- movie theater
- V >
Updated: 22/05/14 18:45
And not a bit quiet
Munich – Great Anniversary: The Munich Bach Choir celebrates its 60th birthday. A retrospective with singers who were already under Karl Richter.
With the “Magnificat” the Munich Bach Choir celebrates its 60th birthday tomorrow, Saturday. Johann Sebastian Bach’s Marienlob has accompanied several singers of the ensemble for decades. Bassist Peter Holzer gets loose on ten performances, while tenor Siegfried Scharrer says: “There were certainly more, and I particularly like to remember one with Karl Richter and Maurice André in Oxford.”
He fell there, the name Karl Richter. He still buzzes through the heads of the singers and the audience. Karl Richter, musically socialized in the Dresdner Kreuzchor, later organist at the Leipzig Thomaskirche, changed in 1951 to the Munich Markuskirche and developed from the local Heinrich-Schütz-Kreis the Munich Bach Choir. An important counterpoint in the Mozart, Wagner, Bruckner and Strauss city of Munich. It got more and more ear, as well as the short time later founded Munich Bach Orchestra.
From 1954 until his sudden death in 1981 Richter coined the amateur ensemble, which meets to this day at least twice a week to the rehearsal and its members have to assert themselves on average every two years in a Vorsingen. “At that time we were students without a bachelor’s degree, so that was no problem.” Smirk at the three singers who have been there since Richter’s time.
And later? Siegfried Scharrer organized his time as a medical assistant so that it did not conflict with rehearsals and performances and took his wife into the choir. “In 1967 I was busy with the choir on 270 days.” The daughters of Susanne Schneidt now also sing along. “This is normal for the children,” says the alto, who regrets that fewer and fewer young song-goers can or want to take the time.
In the sixties, the Ansbach Bach Week lived from the commitment of the people of Munich, who enjoyed a great reputation as a semi-professional ensemble: “On a tour of Russia in 1968, we sang the first St. John Passion under Judge Richter after the October Revolution, exactly on the Orthodox Good Friday, which was the official probably escaped, “says Siegfried Scharrer. A remake of Russia is planned for 2015, but Susanne Schneidt fears that the choir is very difficult to finance despite being co-opted. At the end of the sixties Richter’s ensemble was a cultural export article, the funds of the federal government flowed generously at that time. This looks different now – as Susanne Schneidt confirmed as a member of the Board: “It’s always about the money. When choosing a program, when the soloists are involved, everything has to be earned by the choir. “Holzer adds:” Without the generous friends of the Bach Choir, we would have been broke for a long time already. “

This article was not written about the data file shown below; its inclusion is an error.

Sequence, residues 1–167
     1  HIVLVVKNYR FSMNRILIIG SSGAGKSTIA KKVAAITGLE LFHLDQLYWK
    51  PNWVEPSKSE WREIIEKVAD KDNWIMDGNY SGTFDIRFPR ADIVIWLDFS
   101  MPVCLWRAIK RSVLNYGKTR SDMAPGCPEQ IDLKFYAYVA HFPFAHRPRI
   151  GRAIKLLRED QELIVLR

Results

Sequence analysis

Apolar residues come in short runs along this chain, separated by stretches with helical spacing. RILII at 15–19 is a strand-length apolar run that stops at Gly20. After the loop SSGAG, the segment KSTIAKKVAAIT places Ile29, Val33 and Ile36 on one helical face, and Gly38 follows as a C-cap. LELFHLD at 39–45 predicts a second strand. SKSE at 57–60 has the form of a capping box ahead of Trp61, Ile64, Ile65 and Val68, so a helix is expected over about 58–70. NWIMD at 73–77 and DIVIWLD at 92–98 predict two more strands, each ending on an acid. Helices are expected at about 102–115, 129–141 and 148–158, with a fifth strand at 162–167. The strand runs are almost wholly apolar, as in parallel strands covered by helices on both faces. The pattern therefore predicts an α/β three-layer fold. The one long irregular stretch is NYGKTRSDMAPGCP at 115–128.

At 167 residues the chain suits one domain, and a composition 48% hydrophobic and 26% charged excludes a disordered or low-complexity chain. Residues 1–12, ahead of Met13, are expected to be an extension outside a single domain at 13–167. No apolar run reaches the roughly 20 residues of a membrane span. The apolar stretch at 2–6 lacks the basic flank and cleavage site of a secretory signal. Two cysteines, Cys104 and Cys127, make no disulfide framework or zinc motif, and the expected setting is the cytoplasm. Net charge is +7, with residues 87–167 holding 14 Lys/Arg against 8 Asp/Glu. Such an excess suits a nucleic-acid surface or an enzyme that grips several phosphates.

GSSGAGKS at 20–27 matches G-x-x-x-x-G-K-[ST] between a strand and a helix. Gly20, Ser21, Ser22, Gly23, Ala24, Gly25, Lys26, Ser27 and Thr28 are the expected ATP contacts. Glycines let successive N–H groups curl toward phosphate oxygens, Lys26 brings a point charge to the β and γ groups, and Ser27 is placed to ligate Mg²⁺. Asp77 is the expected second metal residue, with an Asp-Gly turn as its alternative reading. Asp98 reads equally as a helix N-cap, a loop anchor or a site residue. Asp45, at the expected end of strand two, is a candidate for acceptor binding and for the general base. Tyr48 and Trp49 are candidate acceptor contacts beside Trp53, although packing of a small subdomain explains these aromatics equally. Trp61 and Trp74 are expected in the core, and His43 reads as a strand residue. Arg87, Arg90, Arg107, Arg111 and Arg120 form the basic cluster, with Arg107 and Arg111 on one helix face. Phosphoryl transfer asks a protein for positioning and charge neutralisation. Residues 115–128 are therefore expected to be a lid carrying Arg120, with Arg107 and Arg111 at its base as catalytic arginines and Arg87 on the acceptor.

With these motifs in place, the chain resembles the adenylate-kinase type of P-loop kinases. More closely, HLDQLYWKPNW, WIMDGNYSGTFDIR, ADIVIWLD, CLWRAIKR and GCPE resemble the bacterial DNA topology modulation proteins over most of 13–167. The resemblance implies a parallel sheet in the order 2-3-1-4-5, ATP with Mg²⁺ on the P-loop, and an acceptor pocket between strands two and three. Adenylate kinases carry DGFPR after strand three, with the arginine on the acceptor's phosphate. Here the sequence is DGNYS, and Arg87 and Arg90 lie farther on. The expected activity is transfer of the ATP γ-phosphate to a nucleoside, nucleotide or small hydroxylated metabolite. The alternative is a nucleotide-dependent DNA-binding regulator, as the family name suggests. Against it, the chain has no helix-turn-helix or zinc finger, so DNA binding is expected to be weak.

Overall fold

Although after Karl Richter’s death in 1981, the characters initially stood on storm – renaming, even dissolution were required – survived the Bach Choir and found after Ekkehard Tietzes interim commitment in Hans Martin Schneidt a new leader. The ex-Thomaner and former general music director in Wuppertal steered the choir to new shores. Just as it tries after the abrupt end of the era Schneidt (1984-2001) and another interim phase also his successor Hansjörg Albrecht.
Since 2005, the former Kruzianer has guided the fortunes of the Bach choir in the direction of original sound and modernity. New challenges for the members of the school Karl Richter, who at the time strolled through the voting groups during the rehearsals, singers fixed and tested, whether they found their use without a sign. The high standards of the respective choral directors have not changed to this day. “All three were and are ingenious continuo players”, emphasizes Peter Holzer and remembers with his colleagues how Kapellmeister cuts the choir with Verdi’s Requiem, Handel’s “Judas Maccabaeus”, with works by Haydn or Schütz, but also by Hindemith and Pepping challenged.
“The young Albrecht has gained a lot of experience with us, and we enjoyed the expansion of the repertoire,” says Holzer. Susanne Schneidt names as proof not only the composer Arvo Pärt, but also Ennio Morricone. A tremendous difference to earlier times, as Siegfried Scharrer confirms: “Richter has played Bach’s Mass in B Minor in 15 out of 40 concerts. Bach was just his focus. “
That their Bach style has changed enormously, the singer can recognize old recordings. Although they rave about how Richter played out the tempo contrasts, how he edited a work as a sculpture and it always sounded spontaneous and different, they are now irritated by old passions. “They are sometimes incredibly slow, which simply no longer fits the current listening habits,” Holzer admits. But whether fast, slow or inspired by the historical performance practice (the judges disappointed and Schneider also quickly turned away) – a choir leader has to convince. “And that was and is the case with all three,” confirms the Bach Choir Trio. unison.
on Saturday, May 24, 7 pm, with works by Handel and Bach in the Prinzregententheater; Tel. 089/54 81 81 81.
Sleeping Baby: Tips Tricks for a quiet night Should your baby sleep through, so you can finally enjoy a good night’s sleep? Moms, in particular, do not…
Lunchbox > August 27, 2019 This post contains advertising. Lunchbox Ideas – Delicious for the Lunchbox Finally back to school ! Can you say that? Oh,…
Hanoi: Tips for your trip Many Vietnam visitors are drawn to the hotspots in the south. But the north of the country has much to offer. And a detour to…